Fact Sheet – Pygmy Bearded Dragon

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Common Name Pygmy Bearded Dragon Black soil Bearded Dragon Scientific Name Pogona henrylawsoni Colour Base colour of grey to tan, with darker tan to grey patterning across the back and tail Max. Size to 30cm, usually 20-25cm Temperament Very stable, non aggressive. A great display lizard that is very active Ease of Care Properly housed, these dragons are almost bullet-proof when older. They do need daily attention when young.

Text & images by Steve Leisk BSc. © DoLittle Farm 2008 all rights reserved

Natural History Pygmy Bearded Dragons are a small to medium sized species of dragon from the central western parts of Queensland, specifically a small area surrounding the township of Winton. They are naturally occurring on the open ‘Black-soil plains’, dominated by seasonal grasses, few trees, and the annual ‘wet’. They are visual, daytime hunters, feeding on large quantities of insects, as well as small reptiles. They also feed on large amounts of herbaceous plants, grasses and flowers. Captive Husbandry CAGING: Pygmy Beardeds can be energetic when they want to, but will usually prefer to “take it easy”, basking under a heatlamp while on top of a log or rock. It is important to give them room to move around, and cages measuring 600 x 450 x 500 should be considered a minimum for two adult animals. Babies can be housed in smaller cages, or can have a large cage divided off to make it smaller. It is important to remember that they come from warm climates, where ground temperatures can remain high through the night. If your cage is too big, or not heated enough, they won’t perform as well as they can.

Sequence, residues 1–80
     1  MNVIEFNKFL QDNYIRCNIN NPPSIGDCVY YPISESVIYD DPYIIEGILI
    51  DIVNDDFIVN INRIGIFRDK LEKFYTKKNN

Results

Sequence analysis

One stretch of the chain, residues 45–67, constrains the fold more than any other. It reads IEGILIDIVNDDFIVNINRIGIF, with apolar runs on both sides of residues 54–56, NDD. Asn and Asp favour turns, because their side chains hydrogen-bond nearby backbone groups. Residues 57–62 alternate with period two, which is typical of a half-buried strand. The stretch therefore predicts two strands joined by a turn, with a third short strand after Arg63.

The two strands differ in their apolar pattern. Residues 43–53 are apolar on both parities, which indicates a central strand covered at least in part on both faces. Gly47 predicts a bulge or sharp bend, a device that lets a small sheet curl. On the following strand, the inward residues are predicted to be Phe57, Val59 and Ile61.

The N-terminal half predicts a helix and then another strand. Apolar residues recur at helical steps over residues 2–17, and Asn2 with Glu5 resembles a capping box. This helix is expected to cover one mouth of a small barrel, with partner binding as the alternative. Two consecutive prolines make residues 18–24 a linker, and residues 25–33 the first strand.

HEAT: Pygmy Beardeds come from a hot climate, they are ectotherms (cold